Five major events that marked turning points in the history of journalism


Collage by Rosemary Leger, images courtesy of Google

By Tristan Davis

  1. The year is 1440, and… German blacksmith Johann Gutenberg has invented the printing press. Using metal movable type, he adapted other existing inventions like the screw press to create an efficient printing system. By the year 1500, the machine had made its way through most of Europe, producing over twenty million volumes of books and newspapers.
  1. The year is 1620, and…small London news companies begin creating and distributing “corantos”, which were pamphlet-sized readings that briefed foreign news plucked from German and Dutch news journals. Many of the reporting tips and styles from the corantos influenced current papers still in production today.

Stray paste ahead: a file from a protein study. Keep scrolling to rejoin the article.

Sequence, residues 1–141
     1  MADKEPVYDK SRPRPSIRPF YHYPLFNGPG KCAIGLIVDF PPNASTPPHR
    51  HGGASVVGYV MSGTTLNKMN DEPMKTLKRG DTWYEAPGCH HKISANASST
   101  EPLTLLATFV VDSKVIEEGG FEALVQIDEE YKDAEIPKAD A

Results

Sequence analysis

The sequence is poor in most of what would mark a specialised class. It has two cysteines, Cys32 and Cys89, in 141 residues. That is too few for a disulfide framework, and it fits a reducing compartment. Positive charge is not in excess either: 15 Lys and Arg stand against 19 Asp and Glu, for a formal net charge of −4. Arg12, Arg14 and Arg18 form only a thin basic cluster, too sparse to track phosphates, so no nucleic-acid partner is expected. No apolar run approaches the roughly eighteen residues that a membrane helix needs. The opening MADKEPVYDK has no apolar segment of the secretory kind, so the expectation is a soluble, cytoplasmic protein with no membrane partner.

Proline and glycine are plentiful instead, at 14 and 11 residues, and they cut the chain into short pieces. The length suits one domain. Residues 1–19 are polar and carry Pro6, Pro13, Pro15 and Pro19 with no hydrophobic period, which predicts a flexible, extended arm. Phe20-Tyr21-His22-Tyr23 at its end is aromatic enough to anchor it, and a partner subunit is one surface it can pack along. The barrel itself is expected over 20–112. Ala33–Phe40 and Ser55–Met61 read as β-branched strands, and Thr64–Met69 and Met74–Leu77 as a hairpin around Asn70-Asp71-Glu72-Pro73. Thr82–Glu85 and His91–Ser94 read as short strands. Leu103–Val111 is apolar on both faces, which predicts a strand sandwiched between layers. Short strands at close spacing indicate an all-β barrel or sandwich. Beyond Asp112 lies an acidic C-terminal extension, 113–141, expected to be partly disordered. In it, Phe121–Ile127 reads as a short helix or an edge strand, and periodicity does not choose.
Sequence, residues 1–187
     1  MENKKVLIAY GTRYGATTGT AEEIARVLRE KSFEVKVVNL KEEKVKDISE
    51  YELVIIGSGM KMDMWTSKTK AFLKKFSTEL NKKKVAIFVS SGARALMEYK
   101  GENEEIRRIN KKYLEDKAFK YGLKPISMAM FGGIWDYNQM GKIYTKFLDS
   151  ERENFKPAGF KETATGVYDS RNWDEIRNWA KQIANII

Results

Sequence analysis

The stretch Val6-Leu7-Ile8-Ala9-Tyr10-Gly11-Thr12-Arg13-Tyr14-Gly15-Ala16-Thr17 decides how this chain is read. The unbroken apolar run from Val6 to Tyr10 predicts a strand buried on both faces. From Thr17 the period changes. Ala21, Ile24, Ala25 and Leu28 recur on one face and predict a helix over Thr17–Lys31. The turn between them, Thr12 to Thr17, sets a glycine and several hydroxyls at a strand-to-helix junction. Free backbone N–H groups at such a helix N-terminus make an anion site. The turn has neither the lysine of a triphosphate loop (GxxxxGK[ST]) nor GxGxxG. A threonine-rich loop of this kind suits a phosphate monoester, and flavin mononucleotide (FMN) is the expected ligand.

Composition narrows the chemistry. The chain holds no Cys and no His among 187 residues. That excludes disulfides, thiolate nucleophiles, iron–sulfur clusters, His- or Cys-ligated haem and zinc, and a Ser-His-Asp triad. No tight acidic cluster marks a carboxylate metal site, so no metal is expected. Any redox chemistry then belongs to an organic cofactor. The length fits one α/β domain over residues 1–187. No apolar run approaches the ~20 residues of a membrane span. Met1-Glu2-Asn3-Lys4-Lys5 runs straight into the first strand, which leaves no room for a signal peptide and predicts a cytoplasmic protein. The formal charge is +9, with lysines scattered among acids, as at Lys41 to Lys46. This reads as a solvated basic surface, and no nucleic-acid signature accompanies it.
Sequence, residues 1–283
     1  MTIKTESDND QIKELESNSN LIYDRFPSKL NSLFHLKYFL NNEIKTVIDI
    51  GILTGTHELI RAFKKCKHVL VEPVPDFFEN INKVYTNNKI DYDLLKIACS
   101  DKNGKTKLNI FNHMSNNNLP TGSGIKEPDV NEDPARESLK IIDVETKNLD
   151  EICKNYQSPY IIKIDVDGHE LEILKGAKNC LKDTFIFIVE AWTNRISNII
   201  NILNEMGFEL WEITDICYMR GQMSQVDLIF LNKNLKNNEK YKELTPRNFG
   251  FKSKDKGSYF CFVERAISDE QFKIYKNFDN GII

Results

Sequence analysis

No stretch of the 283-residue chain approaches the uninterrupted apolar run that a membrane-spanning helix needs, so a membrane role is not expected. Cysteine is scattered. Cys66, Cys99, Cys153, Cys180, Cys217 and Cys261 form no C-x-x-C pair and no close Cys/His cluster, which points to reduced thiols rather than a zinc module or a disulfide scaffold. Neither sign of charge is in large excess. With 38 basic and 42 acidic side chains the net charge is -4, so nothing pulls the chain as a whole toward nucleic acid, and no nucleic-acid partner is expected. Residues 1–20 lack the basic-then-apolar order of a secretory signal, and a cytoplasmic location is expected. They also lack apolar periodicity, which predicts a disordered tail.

1. The year is 1704, and…the Boston News-Letter, America’s first successful newspaper, is published and distributed throughout the Boston area. Due to British control, it was heavily influenced and affected by the British government. John Campbell was its first editor, and one of the many contributors to the papers’ famous coverage of Blackbeard the pirate’s death in 1718.
  1. The year is 1851, and…Henry J. Raymond has founded The New York Times. Since its 1st birthday, it has become one of the most respected and well-circulated newspapers in the world. It remains atop the standard of journalism today, and regularly reports on news, entertainment, sports and politics.
  1. The year is 1990, and…the internet has permanently reshaped how journalism is practiced around the world. “Citizen journalism” runs rampant, with bystanders recording footage on their phones and uploading it to various social media sites. Reporters everywhere connect with one another and make news more available and accessible.

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